May 8, 2018
This was the hard part.
Martina Krskova was about to run into the ocean for a short swim at spectacular Beachy Cove, not far from St. John's. The water was 4 degrees.
She stood behind her husband, Roman Krska, to shield the wind, hugging him to hold in body heat.
"It's a mental problem," Krskova said. "It's like physically once you are in the water, your body somehow does it. But the biggest challenge for us is to just to make up our minds and go."
Cold-water enthusiasts in Newfoundland and Labrador say their daring dips have a significant impact on improving their moods and energy levels.
A couple of minutes later, the couple surged forward, splashing into the water without complaint until each was deep enough to swim.
‘We just became addicted’
Once they were bobbing in the water, Krska let out a victorious whoo.
He described the sensation of being in water that cold as "something aggressive around me, what makes me fight."
They wore bathing suits — not wetsuits — plus booties and gloves to protect their feet and hands from rocks or debris that might be in the water.
During those months when the sea is particularly cold, the couple do not stay in the water for more than two or three minutes at a time.
They started swimming in the waters of the North Atlantic off Newfoundland regularly last summer and continued until December, anywhere between five and seven times a week.
“We just became addicted,” said Krskova.
Swimming outdoors when it’s snowing
During a trip to their native Slovakia at Christmastime, with the trees and hills all around covered with the kind of snow you see in postcards, they sat in a small creek and then rolled in the snow afterwards.
By mid-February, now back Newfoundland and Labrador, they once again went back to Beachy Cove.
It was rough and windy, and, of course, extremely cold the day they went.
"The February swim was probably the worst and harshest conditions," said Krskra. "That experience was like, questioning myself a couple of times — why did I actually go there?"
After that sobering experience they did not return to Beachy Cove, with its impressive waterfall and well-loved pebble beach, until late April.
‘It felt like my feet were being burned off’
Another cold-water enthusiast, Brent Beshara, goes into the water year-round, not in the ocean but in the pond behind his house in Holyrood.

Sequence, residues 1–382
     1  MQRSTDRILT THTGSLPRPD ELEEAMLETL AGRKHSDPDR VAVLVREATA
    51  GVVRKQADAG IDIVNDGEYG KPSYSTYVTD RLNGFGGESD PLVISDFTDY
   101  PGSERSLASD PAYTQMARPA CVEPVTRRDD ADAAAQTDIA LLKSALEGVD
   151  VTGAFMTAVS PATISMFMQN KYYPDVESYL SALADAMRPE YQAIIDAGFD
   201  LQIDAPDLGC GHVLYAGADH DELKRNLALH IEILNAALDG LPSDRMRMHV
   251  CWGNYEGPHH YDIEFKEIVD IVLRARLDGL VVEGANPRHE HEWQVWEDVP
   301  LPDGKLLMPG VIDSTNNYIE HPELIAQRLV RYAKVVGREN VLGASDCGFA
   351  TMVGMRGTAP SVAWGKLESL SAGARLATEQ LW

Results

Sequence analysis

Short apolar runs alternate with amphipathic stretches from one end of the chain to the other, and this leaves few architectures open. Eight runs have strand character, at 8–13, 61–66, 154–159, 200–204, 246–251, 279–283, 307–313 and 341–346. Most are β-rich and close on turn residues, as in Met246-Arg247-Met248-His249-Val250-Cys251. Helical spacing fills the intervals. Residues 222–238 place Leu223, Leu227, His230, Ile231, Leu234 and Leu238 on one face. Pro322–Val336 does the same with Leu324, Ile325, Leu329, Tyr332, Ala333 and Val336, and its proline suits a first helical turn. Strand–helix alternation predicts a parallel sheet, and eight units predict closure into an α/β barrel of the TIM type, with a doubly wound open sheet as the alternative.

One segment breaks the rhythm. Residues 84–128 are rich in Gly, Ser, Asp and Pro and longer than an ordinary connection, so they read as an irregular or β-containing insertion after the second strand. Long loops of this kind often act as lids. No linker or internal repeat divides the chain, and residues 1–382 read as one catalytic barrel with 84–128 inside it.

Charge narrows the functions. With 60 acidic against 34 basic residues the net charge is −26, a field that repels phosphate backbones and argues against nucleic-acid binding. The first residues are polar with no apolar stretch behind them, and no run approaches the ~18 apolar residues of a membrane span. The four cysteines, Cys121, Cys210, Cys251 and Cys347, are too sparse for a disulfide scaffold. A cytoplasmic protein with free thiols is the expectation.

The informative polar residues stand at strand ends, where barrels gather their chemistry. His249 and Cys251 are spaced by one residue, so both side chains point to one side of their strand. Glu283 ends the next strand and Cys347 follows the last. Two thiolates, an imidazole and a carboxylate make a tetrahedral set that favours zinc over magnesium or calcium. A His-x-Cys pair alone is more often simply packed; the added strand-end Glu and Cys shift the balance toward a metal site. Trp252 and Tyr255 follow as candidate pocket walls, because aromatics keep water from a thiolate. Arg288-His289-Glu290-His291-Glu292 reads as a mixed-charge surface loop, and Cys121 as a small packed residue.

That includes cutting a hole in the ice in the wintertime so that he can tread water for his five-minute challenge. He keeps a safety rope nearby just in case.
“At first it felt like my feet were being burned off,” said Beshara. “But now, two years later, I can sit easily for five minutes in the pond.”
In late April, there was no ice on the pond. Beshara had an old thermometer in the water — the kind you hang outside a window — but it seemed confused, showing a reading of -2 C.
Rest assured the water was cold. Very cold.
Beshara entered it quickly and wordlessly after setting a timer, focused on his breathing. He wore only long black shorts and a leather aviator-style cap.
Five minutes later, as the timer started beeping, Beshara strode out of the pond, grinning although his fingers shook as he turned off the device.
“Right now I’m feeling exhilarated,” Beshara said, “Definitely. It’s a remarkable experience to expose yourself to that cold.”
Like the others, Beshara believes the nippy dips are good for his health, including his mental outlook. But he also relishes the challenge, saying the cold water provides a contrast to what he calls the luxurious times in which we live.
Inspired by ‘The Iceman’
Beshara started the practice after coming across an online video about Wim Hof, the Dutch extreme athlete who is also known as “The Iceman.”
Hof holds numerous Guinness records, including for being immersed in an ice bath for 1 hour, 52 minutes and 42 seconds.
“The cold is a noble, righteous teacher."
He also ran the fastest ever half marathon while barefoot on ice or snow. That was in Finland in 2007, when he clocked a time of 2 hours 16 minutes and 34 seconds.
Scientists have studied Hof, trying to understand how he can endure extreme conditions for long periods of time.
Hof attributes his abilities to meditation and breathing techniques.
Beshara practices the breathing before going into the water.
“The cold is a noble, righteous teacher,” said Beshara. “I’m not paying my bills, I’m not shopping online … I can only be present to the moment.”
Beshara said that the cold enters his body immediately, that it feels like two rottweilers rushing in on him. But he said it gives him an opportunity to connect with what he calls his inner self.
“Now showers, cold showers are easy-breezy,” said Beshara, smiling broadly, the water in the pond audibly nudging the shoreline while a windchime hung in a tree near his house made music in the breeze.
Scrambling for dry clothing
Krskova said that during her recent trip to Europe, she noticed that large numbers of people there are using Wim Hof’s techniques and exposing themselves to cold water, a commodity that Newfoundland and Labrador has in abundance. The couple does not practice his methods.
After emerging from the water at Beachy Cove, the pair scrambled for towels and to change into dry clothing, anticipating that they would start shivering quickly.
Krska peered out into the sunlit water, where the Bell Island ferry had just glided out of sight.
He felt invigorated, he said. “What is it — 5 p.m.?” he said, “And I’m just starting my day now.”
Krskova responded that she was cold but that it was great. She suggested to her husband that they do it again.
And then both spoke in unison. “Tomorrow!” they said, and laughed.